There have been horrific scenes on our tv screens from Iraq as the IS forces make their advance. We have seen the impact of the violence in the Israeli/Hamas conflict. The damage done in the Ukrainian civil war has not figured so prominently in the media, as journalists do not seem so interested in the clash between the Russian sympathising rebels in the East and the government forces where tanks, planes and other serious weaponry have been deployed by the Kiev government.
I am concerned like many of my constituents about these difficult and dangerous civil wars and wars over borders and rights to self government. I wish the UK to do what it can to promote peace, offer humanitarian aid to those in need, and work with the international community through the UN to be a force for stability where possible. I do not think in any of these three tragic cases there is a role for the UK military to insert themselves into the conflict to act for one side or the other.
Some constituents write to me passionately on the side of the Palestinians over the attacks on Gaza, or on behalf of the Israelis and their right to self defence. Some write to me condemning Russian involvement in the Ukraine, others write to me saying the EU’s foreign policy has pushed too hard against the Russian influences in the Ukraine with unfortunate results. Some write to me condemning the Sunni forces in the Middle East, others are less supportive of the Shia governments.
This is as it should be and as I would expect in a liberal democracy with people from various backgrounds living peacefully together here. It is a further good argument why the UK government should not seek to side with one belligerent or another in these tense and dangerous situations. The UK government should be neither Shia nor Sunni, neither Palestinian nor Israeli, neither pro a united Ukraine nor pro a federal or multi state Ukraine. The UK’s views on each of these conflicts should be that they are for local people to resolve how they are governed and what pattern of states best helps them. It is best done by talking and by democratic processes. Wars break into the pattern of talking and seeking negotiated settlements, but they can only end when people do wish again to talk through their differences and come to a new agreed settlement. Wars are what happen when diplomacy and politics fails. Where atrocities are committed the UK should condemn these and seek an international solution.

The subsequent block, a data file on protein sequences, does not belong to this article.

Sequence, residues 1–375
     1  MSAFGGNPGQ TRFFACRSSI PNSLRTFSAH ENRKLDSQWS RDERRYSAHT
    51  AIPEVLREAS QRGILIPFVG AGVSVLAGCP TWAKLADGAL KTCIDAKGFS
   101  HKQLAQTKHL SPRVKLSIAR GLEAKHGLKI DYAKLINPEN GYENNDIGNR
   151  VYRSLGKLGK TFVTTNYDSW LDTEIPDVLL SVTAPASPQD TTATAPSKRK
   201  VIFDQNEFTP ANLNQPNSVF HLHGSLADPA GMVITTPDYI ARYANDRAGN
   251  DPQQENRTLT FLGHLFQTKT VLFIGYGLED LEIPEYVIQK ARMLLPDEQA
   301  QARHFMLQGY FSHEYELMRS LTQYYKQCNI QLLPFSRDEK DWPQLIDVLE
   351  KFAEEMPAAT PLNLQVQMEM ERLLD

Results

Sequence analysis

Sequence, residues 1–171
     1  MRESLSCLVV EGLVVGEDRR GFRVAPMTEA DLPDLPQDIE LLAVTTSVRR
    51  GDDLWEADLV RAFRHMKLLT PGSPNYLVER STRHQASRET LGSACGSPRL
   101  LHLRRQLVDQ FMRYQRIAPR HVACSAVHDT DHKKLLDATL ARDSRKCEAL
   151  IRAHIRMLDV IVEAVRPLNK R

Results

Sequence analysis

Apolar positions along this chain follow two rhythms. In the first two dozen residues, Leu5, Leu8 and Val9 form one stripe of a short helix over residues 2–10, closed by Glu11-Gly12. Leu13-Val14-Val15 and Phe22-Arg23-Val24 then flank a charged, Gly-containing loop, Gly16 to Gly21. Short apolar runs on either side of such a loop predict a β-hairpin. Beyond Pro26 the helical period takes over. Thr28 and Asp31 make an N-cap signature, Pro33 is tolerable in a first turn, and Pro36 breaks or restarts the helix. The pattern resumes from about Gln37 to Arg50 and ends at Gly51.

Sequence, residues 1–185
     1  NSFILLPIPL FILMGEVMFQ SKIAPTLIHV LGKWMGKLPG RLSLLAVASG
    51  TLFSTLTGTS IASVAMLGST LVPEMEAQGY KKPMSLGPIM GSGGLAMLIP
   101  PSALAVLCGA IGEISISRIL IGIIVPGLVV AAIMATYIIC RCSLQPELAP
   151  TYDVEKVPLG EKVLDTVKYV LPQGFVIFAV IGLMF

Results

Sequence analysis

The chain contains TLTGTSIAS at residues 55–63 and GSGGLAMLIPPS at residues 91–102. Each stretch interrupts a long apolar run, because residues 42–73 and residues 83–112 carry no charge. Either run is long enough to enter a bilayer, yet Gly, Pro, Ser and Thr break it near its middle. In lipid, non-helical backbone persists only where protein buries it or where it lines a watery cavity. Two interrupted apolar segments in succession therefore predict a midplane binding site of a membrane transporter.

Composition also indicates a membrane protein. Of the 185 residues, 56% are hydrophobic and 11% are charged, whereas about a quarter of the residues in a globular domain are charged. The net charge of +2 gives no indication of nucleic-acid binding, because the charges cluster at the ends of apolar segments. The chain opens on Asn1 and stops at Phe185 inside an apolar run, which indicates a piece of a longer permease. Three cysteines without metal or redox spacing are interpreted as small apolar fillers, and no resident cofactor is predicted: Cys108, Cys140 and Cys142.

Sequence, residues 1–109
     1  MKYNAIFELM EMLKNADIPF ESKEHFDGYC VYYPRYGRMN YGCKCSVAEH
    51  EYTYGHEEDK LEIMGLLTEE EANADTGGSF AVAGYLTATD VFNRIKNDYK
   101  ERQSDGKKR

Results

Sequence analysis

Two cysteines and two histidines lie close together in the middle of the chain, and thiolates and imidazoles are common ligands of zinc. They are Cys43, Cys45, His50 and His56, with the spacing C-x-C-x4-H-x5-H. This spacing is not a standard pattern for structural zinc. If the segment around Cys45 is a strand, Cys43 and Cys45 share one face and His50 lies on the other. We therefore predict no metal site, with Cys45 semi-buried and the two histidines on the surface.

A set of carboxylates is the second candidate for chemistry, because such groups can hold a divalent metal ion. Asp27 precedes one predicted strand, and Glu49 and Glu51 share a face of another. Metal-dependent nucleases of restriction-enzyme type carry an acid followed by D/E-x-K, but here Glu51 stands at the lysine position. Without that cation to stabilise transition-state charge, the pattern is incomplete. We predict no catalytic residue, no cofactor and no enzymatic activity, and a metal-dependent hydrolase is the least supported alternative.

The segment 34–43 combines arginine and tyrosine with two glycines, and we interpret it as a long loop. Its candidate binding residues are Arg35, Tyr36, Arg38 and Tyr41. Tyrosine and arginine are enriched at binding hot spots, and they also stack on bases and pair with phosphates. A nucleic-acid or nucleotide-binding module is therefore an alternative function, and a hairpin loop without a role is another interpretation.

The UK can help with advice, diplomacy and by showing by example how differences about how we should be governed are best resolved by peaceful means. The Scottish referendum should be an example to all countries facing independence movements in part of their territory. There may be times when we need to help the international community rescue people in special distress or supply military support and force to a UN mission. This is not the time to plunge into another Middle Eastern war, where intervening on one side may have unwished for consequences. I was one of those MPs who opposed the idea of military intervention in Syria. I now see that some of the opponents of the Assad regime have turned up in IS, showing how difficult it is to find the right allies in a just cause in that troubled part of the world. My job is to help keep a peaceful and successful community here at home. We can best do that with moderate language about these international matters, and a suitable sense of humility about how much UK power could achieve.